Any decision made by the department that a couple is ineligible or unsuitable to be adoptive parents can be reviewed by the Queensland Civil and Administrative Tribunal (QCAT).

Can I adopt a child if I have a disability?

Adults with disabilities may face problems in meeting the guidelines to adopt a child and should contact Department of Communities, Child Safety and Disability Services for more information.

Can I adopt my step-children or a child related to me?

Adoption is a serious and final legal step. It is not usual to formally adopt step children or relatives. This is because parenting orders can usually be made to meet a child's needs without adoption.

A child’s step-parent, that is the married or de facto spouse of a parent of the child, will be able to apply to adopt the child if:

  • the person is an adult who is resident in Queensland and is an Australian citizen (or the spouse of a Australian citizen)
  • the person lives with the child and spouse and has done so for at least three years
  • the person has been granted leave by the Family Court under the Family Law Act 1975 (Commonwealth) to commence adoption proceedings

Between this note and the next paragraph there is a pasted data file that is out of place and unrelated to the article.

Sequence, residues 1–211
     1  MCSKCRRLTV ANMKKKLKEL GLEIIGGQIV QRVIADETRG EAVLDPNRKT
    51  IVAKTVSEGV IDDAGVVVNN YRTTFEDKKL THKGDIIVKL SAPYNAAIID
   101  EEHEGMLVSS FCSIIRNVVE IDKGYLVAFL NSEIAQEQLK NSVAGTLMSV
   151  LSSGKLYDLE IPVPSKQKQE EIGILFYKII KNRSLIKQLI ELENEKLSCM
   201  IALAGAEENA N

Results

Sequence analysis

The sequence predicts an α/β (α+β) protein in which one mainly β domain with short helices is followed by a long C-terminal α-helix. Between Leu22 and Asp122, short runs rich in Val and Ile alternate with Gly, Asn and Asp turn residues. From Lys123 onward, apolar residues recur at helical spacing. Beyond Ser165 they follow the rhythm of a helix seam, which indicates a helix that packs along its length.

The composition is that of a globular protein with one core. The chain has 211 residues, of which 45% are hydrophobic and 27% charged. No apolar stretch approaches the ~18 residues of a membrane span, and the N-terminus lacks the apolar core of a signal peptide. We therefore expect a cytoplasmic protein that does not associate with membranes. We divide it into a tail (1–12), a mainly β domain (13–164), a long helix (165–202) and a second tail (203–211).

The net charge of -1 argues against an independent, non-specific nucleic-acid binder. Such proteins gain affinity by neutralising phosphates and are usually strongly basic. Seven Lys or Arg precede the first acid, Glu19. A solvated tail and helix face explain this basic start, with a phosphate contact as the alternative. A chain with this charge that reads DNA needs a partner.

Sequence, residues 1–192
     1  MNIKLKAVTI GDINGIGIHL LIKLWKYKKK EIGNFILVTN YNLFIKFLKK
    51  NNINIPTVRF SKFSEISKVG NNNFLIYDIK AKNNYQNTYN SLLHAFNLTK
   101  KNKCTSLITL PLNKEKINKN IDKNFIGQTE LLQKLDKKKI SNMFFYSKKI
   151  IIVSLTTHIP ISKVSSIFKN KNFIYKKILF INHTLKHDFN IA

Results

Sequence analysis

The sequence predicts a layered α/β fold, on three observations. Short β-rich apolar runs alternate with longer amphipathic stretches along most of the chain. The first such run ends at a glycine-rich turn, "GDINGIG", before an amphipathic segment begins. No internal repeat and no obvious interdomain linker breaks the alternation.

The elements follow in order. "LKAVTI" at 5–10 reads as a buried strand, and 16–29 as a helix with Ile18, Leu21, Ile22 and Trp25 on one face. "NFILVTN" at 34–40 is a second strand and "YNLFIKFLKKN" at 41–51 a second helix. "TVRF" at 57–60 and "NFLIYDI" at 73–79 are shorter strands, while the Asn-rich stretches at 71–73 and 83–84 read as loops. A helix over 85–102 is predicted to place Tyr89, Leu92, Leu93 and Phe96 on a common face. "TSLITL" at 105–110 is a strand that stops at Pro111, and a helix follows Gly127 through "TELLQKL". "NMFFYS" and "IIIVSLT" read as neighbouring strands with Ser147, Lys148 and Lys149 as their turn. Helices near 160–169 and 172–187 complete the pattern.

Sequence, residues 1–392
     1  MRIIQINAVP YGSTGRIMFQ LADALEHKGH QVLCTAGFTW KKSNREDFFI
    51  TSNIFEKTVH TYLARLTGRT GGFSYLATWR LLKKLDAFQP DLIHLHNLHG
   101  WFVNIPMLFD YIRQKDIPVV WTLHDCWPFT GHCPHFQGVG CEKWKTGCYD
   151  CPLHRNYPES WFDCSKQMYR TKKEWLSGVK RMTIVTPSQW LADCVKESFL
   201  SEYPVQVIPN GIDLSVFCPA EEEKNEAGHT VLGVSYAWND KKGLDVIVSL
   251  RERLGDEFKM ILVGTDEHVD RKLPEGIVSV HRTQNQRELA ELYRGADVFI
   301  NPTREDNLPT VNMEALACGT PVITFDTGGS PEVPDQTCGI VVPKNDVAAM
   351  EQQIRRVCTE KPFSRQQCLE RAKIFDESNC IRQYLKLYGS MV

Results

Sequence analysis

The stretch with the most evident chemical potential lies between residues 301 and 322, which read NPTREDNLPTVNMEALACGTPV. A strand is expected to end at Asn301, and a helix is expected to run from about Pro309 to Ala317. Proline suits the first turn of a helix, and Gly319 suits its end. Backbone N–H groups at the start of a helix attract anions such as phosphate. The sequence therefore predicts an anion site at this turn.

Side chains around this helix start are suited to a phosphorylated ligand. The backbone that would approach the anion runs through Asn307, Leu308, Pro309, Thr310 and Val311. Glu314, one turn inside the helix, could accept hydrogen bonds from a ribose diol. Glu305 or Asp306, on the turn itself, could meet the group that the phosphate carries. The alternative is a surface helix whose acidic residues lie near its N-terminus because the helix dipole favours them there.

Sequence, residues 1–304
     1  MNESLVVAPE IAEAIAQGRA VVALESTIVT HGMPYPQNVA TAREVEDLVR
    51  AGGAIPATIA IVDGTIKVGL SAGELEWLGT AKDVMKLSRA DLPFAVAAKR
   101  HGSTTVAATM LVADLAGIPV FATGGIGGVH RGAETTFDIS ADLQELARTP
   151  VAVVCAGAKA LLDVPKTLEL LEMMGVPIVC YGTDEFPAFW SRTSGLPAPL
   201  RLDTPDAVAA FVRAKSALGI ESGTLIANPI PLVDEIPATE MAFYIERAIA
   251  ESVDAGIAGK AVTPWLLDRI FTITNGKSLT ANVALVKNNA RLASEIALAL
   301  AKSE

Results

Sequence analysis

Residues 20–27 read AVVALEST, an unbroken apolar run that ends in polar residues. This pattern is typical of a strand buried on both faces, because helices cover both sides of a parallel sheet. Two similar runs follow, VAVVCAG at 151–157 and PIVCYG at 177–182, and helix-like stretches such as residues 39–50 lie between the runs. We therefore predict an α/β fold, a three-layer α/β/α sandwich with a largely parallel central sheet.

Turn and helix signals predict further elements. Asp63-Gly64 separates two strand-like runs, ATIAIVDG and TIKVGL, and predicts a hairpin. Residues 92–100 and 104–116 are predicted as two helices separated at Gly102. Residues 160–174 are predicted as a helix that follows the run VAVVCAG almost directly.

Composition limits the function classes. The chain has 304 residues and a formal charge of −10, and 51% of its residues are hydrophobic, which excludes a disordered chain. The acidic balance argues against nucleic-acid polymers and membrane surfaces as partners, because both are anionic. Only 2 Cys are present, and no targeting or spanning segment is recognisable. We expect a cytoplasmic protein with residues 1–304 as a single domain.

• the child is at least five years old and not more than 17 years old (an application may be accepted in relation to a child who has turned 17 but is not yet 18 in some circumstances).

An application relating to a child who has turned 17 years of age may be accepted if Adoption Services Queensland decides:

  • there is enough time to complete the adoption process before the child turns 18
  • the grounds for making an adoption order are likely to exist.

Under the Adoption Act 2009 (Qld), a person can no longer apply to adopt a child who is related to the person (other than a person applying to adopt a step-child).

If adoption by a relative is the best option for securing a child’s long-term care, the department can ask a relative to consider being assessed as a prospective adoptive parent for the child. However, the relative cannot initiate the process.

Who has to agree to the adoption?

The consent of a child’s mother and father and every person who is a guardian of the child must be given freely and voluntarily, or the need for their consent dispensed with, before the Childrens Court can make an order for a child to be adopted.

If a mother is solely responsible for the child or the father’s identity is not known, the department must take reasonable steps to establish the identity and location of a child’s father so he has the opportunity to participate in decisions about the child’s adoption or other long-term arrangements for the child.